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Some of our horse’s coats develop beautiful dapples while others never change. They eat a similar diet, so what other factors could influence their coats to change color and dapple?
A combination of factors works together to make dapples on a horse’s coat: Feeding proper nutrients, keeping your horse fit, brushing out your horse coat regularly, and the genes that control hair pigmentation all play a significant role in dapples’ development.
Dapples in a horse’s coat are the epitome of equine health and proper dieting. However, there is more to making your horse’s coat dapple than meets the eye.
Follow these steps to make dapples in horses’ coats.
If the genes are aligned, most well-conditioned horses show dapples when fed a nutrient-rich diet. Giving the coat an added boost requires regular grooming and a good parasite prevention program.
1) Feed proper nutrients
Most horse owners believe that if you feed your horse a diet full of fat and protein, the animal will dapple. That’s not necessarily true because not all fat and protein are the same.
Horses need to derive their nutrients from a high-quality forage source like alfalfa. Alfalfa is high protein hay that is low in carbohydrates and sugar. Consumption of large quantities of protein won’t hurt most horses because they secrete the amounts their bodies don’t use.
However, it does cause the animal to drink and urinate more. The key is to feed a balanced diet and ensure your horse eats plenty of hay to keep its digestive tract working efficiently.
Amino acids, fats, minerals, and vitamins.
Besides protein, to get the dapples in your horse’s coat, it also needs amino acids, fat, Vitamin A, and trace minerals. We typically add a supplement to our horse’s feed that contains flaxseed oil and omega-3 fatty acids. Flaxseed provides essential amino acids, which are necessary for horses’ skin and coat health.
These vitamins and minerals promote hair and hoof health. You can find supplements at most local feed stores or online that provide most. Amazon has a decent selection; you can check it out here. I don’t recommend one over the other; we switch up; my primary consideration is the ingredients.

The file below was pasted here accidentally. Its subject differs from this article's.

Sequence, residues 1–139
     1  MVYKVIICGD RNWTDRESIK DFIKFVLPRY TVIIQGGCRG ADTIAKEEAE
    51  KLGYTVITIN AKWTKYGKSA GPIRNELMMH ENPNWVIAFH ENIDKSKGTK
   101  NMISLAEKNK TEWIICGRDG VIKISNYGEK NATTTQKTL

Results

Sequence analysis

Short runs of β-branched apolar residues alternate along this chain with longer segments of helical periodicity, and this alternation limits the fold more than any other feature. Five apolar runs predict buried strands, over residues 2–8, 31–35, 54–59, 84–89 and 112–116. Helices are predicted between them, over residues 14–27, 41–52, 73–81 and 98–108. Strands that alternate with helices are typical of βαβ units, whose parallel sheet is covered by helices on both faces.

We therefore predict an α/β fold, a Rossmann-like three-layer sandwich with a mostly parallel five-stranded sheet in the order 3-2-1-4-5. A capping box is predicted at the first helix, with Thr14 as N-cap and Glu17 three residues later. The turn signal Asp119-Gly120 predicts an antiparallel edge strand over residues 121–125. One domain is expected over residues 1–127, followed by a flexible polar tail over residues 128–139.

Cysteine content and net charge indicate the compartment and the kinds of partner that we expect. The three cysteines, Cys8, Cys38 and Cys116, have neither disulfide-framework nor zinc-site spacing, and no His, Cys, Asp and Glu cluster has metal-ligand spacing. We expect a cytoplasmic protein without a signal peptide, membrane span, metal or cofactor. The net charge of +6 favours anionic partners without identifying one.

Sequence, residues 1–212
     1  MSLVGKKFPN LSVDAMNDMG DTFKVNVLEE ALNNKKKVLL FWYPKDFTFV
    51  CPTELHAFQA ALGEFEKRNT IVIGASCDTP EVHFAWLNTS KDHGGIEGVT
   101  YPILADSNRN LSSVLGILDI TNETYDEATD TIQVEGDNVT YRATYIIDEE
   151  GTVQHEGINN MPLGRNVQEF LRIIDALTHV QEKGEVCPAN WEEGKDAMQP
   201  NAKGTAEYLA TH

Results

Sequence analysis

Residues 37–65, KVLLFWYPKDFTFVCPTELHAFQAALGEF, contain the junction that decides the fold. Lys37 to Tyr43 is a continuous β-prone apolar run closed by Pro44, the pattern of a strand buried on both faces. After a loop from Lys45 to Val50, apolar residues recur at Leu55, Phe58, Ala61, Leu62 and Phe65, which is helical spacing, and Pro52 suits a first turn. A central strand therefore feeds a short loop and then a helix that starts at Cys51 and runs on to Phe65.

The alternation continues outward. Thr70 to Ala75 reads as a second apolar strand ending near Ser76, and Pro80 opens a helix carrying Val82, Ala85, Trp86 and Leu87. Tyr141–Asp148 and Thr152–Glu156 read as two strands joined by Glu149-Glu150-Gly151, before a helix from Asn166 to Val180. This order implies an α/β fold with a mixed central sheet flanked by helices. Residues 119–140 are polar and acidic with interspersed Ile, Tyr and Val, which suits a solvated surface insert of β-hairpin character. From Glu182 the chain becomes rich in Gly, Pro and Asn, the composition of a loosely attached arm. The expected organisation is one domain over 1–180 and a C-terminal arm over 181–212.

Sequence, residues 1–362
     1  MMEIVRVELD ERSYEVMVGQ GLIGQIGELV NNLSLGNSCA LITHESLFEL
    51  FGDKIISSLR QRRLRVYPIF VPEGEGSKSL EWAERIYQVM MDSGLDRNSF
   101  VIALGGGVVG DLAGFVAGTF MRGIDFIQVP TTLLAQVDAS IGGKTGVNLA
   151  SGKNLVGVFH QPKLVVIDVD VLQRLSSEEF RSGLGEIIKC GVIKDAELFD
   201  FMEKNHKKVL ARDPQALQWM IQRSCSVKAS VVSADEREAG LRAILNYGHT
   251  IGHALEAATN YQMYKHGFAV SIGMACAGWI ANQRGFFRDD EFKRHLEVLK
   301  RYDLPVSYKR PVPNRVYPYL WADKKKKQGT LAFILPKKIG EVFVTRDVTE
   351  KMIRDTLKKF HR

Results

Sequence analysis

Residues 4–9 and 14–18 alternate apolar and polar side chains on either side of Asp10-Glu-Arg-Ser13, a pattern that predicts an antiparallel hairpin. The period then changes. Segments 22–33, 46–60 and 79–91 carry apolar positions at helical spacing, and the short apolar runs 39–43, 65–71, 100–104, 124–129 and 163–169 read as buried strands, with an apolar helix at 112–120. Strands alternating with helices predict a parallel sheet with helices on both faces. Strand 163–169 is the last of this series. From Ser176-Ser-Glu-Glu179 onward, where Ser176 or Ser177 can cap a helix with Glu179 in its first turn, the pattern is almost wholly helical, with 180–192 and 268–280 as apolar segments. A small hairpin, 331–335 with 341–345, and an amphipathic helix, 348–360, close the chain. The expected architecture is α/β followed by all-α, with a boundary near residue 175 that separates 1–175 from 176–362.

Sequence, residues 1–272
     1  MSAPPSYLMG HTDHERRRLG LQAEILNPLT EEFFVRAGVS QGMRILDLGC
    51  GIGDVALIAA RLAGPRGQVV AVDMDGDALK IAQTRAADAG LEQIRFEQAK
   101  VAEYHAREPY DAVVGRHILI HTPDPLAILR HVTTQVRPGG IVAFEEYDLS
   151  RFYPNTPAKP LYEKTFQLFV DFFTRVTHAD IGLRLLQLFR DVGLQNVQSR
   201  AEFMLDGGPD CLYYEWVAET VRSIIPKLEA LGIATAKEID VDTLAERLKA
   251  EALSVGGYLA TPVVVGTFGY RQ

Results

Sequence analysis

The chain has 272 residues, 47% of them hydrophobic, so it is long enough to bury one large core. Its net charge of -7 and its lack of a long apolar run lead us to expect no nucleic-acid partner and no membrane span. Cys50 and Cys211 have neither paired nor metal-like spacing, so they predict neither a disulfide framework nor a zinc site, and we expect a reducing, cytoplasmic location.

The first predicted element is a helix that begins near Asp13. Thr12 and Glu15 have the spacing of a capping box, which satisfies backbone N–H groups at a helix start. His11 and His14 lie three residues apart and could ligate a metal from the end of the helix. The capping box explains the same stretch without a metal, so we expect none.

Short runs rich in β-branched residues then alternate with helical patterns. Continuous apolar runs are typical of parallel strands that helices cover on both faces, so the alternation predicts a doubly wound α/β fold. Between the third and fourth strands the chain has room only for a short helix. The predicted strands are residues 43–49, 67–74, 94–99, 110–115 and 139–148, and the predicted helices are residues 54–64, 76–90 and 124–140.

Fat and essential trace minerals such as copper and zinc also boost the horse’s coat’s quality. Commercial feeds are fortified with these minerals. But to ensure your horse is getting the correct amount of copper and zinc, get with your veterinarian or feed specialist and customize a feeding program.
Giving your horse a scoop of good commercial feed daily and allowing access to high-quality forage should provide all your horse needs to grow a healthy coat and be on its way to dappling. But more than a good diet is necessary.
2) Peak conditioning
Conditioning and dapples seem to go hand in hand. Horses with the genome necessary to dapple will show them when fit. But without the right genes, even the healthiest horse won’t dapple.
The horse in the photo above is a two-year-old Thoroughbred filly in training, notice the dapples on her head and neck. If you’re working with a horse you know is out of shape, start its conditioning slowly.
Start by riding thirty minutes in an arena or going for short trail rides three or four times a week. Keep this up for a least a month or until you feel your horse’s fitness level is increasing.
When your horse is ready, start riding for an hour a day and trot for 10-15 minutes. Continue to increase the intensity of your rides gradually. Ideally, you want to gallop for five minutes and walk for three minutes two times during your hour-long riding session.